Are you a sole trader? Company director?
Have you sorted out your self-assessment tax return yet?
31 Jan 2018 is the deadline for 2016/2017, but please take pity on your poor beleaguered accountant and prepare your records before Jan 30! 🙂
I have several clients who are pensioners with a small amount of taxable income – whether or not they pay tax on it, depending on the amount – who are still being asked for a self-assessment return. I think this new initiative from HMRC may cover that more satisfactorily in future, though I’m cautious if (i) it would override any actual tax calculation, and (ii) it means a return to paper communication.
As yet there is still no detailed guidance available on gov.uk concerning simple assessments, but we expect some guidance to appear in the next two weeks.
The policy paper for simple assessments suggests that this new procedure will be used where the taxpayer’s main source of income is taxed under PAYE, but he or she also has up to £10,000 of other taxable income or gains. This income threshold has not been included in the legislation.
Don’t be alarmed or startled if you receive a message like this in your inbox this/last month! It’s from HMRC, and if you’re paying tax under Self Assessment, almost certainly about the fact that another tax year has passed and so you’ll need to file another, annual tax return.
VAT is changing, if you’re on the Flat Rate Scheme.
Briefly, this is an existing, simplified scheme for smaller VAT-registered businesses (up to £150,000 turnover) who don’t have many transactions – or not many types of transactions – to make it easier for them to maintain VAT-compliant records.
Instead of totting up each quarter what you’ve sold vs what you’ve bought, and calculating the VAT on the balance – bearing in mind you may have some transactions at differing rates of VAT – you can just take a flat percentage of the sales and pay that over.
This flat rate depends on what kind of business you are, and is lower than the standard rate of 20%. In other words, HMRC will receive (say) a flat rate 14% of your gross sales, instead of you calculating VAT on net sales at 20% then deducting VAT on net purchases at ranges of VAT between 0% and 20%.
There has been much talk in the press recently of upcoming changes to the way businesses and individuals are going to need to report details of their tax affairs to HMRC, this is called ‘making tax digital’.
Below is a brief guide of what we currently know about HMRC’s plans to implement the making tax digital’ regime.
This is very much at an early stage and the proposals and/or timetables are likely to change so this article represents a brief summary of the key known details at the date of publication, being 8th February 2017.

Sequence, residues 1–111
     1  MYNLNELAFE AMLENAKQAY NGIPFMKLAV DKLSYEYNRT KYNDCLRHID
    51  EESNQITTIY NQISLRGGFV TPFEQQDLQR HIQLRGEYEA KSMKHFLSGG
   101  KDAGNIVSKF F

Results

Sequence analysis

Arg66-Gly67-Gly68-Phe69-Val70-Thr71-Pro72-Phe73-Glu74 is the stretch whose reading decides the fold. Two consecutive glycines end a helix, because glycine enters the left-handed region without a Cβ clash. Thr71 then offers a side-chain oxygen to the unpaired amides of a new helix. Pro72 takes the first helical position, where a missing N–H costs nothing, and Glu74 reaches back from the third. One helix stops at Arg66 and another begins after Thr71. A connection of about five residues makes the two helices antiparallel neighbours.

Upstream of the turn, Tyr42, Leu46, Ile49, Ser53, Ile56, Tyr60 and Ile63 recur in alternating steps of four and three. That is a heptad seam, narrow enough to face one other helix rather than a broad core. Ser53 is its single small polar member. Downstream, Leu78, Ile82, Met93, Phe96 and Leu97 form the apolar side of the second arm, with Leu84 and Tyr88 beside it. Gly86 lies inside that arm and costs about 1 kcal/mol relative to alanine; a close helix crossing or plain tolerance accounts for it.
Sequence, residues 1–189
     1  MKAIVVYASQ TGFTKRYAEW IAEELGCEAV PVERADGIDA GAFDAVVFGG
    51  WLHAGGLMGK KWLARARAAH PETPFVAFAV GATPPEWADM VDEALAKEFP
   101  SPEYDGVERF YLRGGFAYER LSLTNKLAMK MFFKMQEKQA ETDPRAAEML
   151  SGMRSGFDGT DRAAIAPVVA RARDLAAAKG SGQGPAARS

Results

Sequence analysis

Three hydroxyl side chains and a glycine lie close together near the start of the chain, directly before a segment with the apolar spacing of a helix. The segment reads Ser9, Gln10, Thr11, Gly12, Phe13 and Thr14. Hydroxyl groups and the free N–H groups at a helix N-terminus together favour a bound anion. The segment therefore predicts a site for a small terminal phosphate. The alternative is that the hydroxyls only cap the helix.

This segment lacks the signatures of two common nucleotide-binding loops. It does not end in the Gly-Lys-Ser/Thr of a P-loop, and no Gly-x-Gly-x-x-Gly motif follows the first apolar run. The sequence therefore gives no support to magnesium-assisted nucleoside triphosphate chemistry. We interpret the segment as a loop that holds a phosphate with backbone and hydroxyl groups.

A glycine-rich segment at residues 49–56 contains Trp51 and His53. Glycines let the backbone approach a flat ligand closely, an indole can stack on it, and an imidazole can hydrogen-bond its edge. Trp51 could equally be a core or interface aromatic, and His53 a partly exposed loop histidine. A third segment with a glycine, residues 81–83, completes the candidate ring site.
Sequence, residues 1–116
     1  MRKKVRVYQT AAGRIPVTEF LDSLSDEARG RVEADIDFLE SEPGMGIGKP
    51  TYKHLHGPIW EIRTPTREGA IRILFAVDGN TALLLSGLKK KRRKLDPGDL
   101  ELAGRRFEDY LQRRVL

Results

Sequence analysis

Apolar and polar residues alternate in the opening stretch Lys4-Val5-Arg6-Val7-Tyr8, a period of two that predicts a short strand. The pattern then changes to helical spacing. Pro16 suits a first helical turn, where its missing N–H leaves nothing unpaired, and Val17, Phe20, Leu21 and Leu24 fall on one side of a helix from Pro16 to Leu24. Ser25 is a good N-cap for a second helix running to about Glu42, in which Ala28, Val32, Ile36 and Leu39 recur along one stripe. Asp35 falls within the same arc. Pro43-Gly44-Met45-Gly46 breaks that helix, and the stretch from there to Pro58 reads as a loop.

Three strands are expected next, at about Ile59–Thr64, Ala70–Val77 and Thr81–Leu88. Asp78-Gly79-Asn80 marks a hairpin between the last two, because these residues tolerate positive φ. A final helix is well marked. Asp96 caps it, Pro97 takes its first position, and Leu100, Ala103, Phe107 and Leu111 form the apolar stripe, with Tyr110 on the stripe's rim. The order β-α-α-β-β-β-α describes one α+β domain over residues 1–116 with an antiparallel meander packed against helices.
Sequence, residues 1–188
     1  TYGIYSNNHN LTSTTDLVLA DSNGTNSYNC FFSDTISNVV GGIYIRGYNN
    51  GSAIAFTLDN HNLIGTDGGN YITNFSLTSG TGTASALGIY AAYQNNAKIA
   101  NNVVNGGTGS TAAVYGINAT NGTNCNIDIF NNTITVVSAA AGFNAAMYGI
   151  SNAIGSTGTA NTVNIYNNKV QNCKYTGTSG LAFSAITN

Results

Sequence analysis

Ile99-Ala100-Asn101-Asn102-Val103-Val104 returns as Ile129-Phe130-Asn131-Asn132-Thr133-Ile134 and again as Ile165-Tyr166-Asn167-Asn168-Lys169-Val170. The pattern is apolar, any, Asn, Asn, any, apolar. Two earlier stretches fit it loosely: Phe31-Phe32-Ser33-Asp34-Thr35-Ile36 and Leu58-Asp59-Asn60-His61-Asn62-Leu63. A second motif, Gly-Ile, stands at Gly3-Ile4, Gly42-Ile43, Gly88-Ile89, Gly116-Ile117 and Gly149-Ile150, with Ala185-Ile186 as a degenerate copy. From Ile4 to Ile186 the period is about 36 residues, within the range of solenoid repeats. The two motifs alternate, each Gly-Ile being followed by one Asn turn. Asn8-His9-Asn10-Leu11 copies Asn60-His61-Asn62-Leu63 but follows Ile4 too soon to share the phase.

Remember the problems when VATMOSS was first introduced for digital goods – e.g. ebooks – and VAT had to be charged according to the customer’s country?
Many small independent e-bookstores closed, as it was too much administration cost and work, compared to the direct sales they made.
But now there’s Good News!
From the EU VAT Action Campaign Team
HOT OFF THE PRESS:
Just announced by Pierre Moscovici of the European Commission: proposed EU VAT threshold of €10k cross-border sales and the €100k simplifications we have all been campaigning for since December 2014.
“I run my own Limited company and spend most of my time using a computer. My eyesight has worsened and I will need to get a sight check and new glasses. Can I put these through my company?”
There are very specific rules surrounding glasses and whether they are allowable for corporation tax and personal tax for directors or employees of a company.
If you are a limited company, your decision is made. You need a business bank account.
Your business is a separate legal entity to you and it needs its own bank account. You don’t need to worry if you have used your personal bank account so far, for a new business that’s normal. Your accountant can sort all that out for you.
What’s important now is that you open a business bank account.
If you don’t have an accountant already, you need one.
Cast an eye over our 9 telltale signs and see if they sound familiar to you…
From April 2016 the Dividend Tax Credit will be replaced by a new tax-free Dividend Allowance.
The Dividend Allowance means that you won’t have to pay tax on the first £5,000 of your dividend income, no matter what non-dividend income you have.
The allowance is available to anyone who has dividend income.
Headline rates of dividend tax are also changing.